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What Do You Believe About Your Beliefs?

"Beliefs: What Do You Believe About Them?" by Amy Eliza Wong, Life Coach in the Sacramento, CA area

With the work I do, I explore a lot of different perspectives and principles that can actualize a joyful and powerful life.

Thanks to a gift from a recent client of mine, I’ve come across a cornerstone idea that solidifies the foundation for all of it. It could be the one distinction that makes all the difference for you and your life.

Let’s talk about belief for a second.

We don’t always realize it but everything we live is based off beliefs we hold. Without sounding overly philosophical, the only thing I could ever assert as truth is that “I exist.” I can’t even say for certain that YOU exist, as you are my experience as a perception.

Because I perceive you and I believe you to be there, my experience is consistent with my beliefs, and so I inadvertently hold it as truth. It may be the truth of my experience, but it’s based off a belief I choose.

An essential notion: choice.

Without thinking about it, we’re all living this way – from a set of beliefs we rarely question. I’m not just talking about the basic belief that someone in front of us actually exists, but pervasive beliefs like: “It takes a lot of work to be successful,” “No one can be trusted,” “I’m an introvert,” “I have to do everything if I want it done right,” “I’m never the lucky one,” “I’m not good enough…”

At the heart of all of it lies one belief that is foundational to determining the quality of your life. And it actually precedes the belief you have about yourself, who you are, and what you’re capable of…

It’s the belief you have about how powerful belief really is and if it’s enough to actually affect real change.

Got that?

Beneath all of this is our choice in mindset.

Check this out: at the root of our belief system lies the belief that we’re either fixed or adaptable. Did we come into this world with a fixed set of traits, a defined personality, and list of characteristics? (Fixed mindset). Or did we come into this world and develop traits, learn a personality, and choose and evolve our characteristics? (Growth mindset).

Here’s what distinguishes one mindset from the other:

Fixed mindset: the emphasis is on capability and arises from the belief that who I am is fixed – meaning, I have a fixed set of traits and competencies. If who I am is fixed then failure is my enemy as it’s a direct hit to my inherent capability (i.e. worth.) In a fixed mindset, failure and risk are avoided so not to tarnish my, and the world’s, idea of who I am.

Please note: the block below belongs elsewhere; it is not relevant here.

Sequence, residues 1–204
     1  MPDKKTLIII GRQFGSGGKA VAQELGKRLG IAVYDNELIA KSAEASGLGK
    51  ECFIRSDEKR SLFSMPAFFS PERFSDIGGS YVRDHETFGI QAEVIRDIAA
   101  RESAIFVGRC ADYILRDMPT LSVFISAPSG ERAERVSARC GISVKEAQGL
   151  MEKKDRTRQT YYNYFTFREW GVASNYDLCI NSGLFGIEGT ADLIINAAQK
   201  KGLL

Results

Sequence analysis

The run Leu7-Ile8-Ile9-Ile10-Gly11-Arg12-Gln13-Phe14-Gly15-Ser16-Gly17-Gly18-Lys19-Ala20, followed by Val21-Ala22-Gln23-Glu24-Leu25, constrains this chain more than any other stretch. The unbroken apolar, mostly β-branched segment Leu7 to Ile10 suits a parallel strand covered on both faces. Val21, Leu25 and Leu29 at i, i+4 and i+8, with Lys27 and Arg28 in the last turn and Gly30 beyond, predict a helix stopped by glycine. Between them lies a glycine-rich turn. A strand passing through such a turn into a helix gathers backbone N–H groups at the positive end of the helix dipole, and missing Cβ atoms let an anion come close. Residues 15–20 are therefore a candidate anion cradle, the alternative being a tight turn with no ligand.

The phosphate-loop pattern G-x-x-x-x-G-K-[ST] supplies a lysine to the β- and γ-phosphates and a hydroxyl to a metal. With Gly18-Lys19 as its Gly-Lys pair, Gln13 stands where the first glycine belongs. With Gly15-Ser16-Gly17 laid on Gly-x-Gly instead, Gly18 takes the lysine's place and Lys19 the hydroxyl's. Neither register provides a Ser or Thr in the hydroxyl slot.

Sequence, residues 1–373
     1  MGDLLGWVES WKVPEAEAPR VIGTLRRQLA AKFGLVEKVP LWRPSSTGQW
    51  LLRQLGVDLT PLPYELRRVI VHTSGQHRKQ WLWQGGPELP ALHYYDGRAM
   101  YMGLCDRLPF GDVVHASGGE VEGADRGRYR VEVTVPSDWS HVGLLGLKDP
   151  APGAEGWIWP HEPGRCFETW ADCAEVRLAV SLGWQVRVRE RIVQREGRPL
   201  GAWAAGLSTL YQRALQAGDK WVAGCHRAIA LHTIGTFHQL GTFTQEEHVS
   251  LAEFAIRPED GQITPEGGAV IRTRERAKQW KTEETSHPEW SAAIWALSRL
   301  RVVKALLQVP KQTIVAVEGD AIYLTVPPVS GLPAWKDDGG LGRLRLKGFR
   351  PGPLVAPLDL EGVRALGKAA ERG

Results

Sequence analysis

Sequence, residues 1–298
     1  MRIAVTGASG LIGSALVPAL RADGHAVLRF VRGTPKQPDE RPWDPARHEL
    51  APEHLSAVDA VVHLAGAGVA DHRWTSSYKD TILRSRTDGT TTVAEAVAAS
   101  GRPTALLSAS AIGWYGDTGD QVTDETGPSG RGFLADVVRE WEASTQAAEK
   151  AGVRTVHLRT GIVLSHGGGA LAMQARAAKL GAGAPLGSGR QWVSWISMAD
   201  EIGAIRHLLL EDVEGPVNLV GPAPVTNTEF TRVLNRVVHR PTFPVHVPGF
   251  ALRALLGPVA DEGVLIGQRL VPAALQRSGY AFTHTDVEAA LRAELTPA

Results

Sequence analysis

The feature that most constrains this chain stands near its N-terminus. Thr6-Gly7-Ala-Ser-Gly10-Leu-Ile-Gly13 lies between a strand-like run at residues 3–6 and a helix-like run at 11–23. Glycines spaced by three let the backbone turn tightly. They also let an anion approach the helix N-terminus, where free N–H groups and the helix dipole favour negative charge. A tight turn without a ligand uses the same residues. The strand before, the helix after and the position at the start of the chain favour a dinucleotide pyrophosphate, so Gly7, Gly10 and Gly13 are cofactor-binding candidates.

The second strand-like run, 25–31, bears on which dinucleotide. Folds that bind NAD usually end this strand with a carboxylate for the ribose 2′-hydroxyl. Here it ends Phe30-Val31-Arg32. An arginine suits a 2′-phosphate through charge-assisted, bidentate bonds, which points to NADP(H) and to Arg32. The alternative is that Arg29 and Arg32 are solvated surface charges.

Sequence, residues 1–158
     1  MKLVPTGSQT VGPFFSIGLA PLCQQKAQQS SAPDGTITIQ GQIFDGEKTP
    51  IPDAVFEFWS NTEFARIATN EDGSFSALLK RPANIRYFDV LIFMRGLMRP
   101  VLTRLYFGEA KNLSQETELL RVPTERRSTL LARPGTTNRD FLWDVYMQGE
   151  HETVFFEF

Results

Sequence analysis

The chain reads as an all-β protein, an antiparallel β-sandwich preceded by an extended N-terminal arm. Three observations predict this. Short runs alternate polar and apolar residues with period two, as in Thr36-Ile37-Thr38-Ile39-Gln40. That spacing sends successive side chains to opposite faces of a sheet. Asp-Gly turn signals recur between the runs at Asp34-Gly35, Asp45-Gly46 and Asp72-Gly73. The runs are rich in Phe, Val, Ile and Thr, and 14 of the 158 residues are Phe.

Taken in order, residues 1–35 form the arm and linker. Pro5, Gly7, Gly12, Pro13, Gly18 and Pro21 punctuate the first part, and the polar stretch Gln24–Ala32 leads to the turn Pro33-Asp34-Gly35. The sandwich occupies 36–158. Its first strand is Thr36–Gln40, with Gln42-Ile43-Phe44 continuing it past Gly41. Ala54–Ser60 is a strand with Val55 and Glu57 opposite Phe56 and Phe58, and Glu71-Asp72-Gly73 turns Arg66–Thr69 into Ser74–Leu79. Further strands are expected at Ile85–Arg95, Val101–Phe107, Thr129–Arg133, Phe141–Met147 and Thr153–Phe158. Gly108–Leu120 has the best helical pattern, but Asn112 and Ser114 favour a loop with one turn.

Growth mindset: the emphasis is on process and arises from the belief that who I am is adaptable depending on my focus and effort. With a growth mindset, failure sucks but it’s not a hit to my inherent worth, it’s simply a reflection of my effort and an indication that more (or different) attention is needed. Therefore, risk isn’t avoided and failure is seen as a part of the learning process.

Understanding these mindsets conceptually, it’s easy to think we clearly subscribe to the latter, but I’d encourage you look deep. It’s actually possible to believe BOTH mindsets on various subjects and not realize it.

How many times have you said, “Oh, I can’t sing,” “Math just isn’t my thing,” or “I’m really not the creative type.”

Or, how many times have you kept yourself from something because your inner voice is hinting that you’re not good/qualified/smart/attractive/witty/impressive/compelling enough. “Don’t you dare try it out because failing would only confirm you’re a failure.”

All that above stems from a fixed mindset – a belief that what we are is fixed and not changeable.

Here’s why this distinction is so profound: It’s a belief either way. We either believe we can change, grow, adapt, and are not our fears, beliefs, or stories. We can believe that our beliefs are just that – beliefs – in other words, a choice!

Or we can believe that our beliefs are fixed – that what we’re living is not a choice and our perception and interpretation of our experience is truth.

In one world, anything is possible with a shift in belief. In the other, belief is static and so is the rest of your life.

Coaching requires a willingness to see in new ways; it requires a belief in the possibility that beliefs are choices and can be changed.

What you believe to be true about your beliefs defines what’s possible for you.

What mindset do you predominately hold? What mindset would you like to embrace? What do you believe about your beliefs? To further explore the mindset concept and its implications, I highly recommend the book Mindset by Dr. Carol Dweck. If this idea about what you believe about beliefs has stirred something up for you, leave me a comment below – I’d love to hear about it!

With love (and modifiable beliefs:)…


Amy Eliza Wong is a life coach, writer, and speaker in the Sacramento, CA area committed to helping people figure out what makes them tick so they can finally live with joy and real purpose. Learn more about working with her.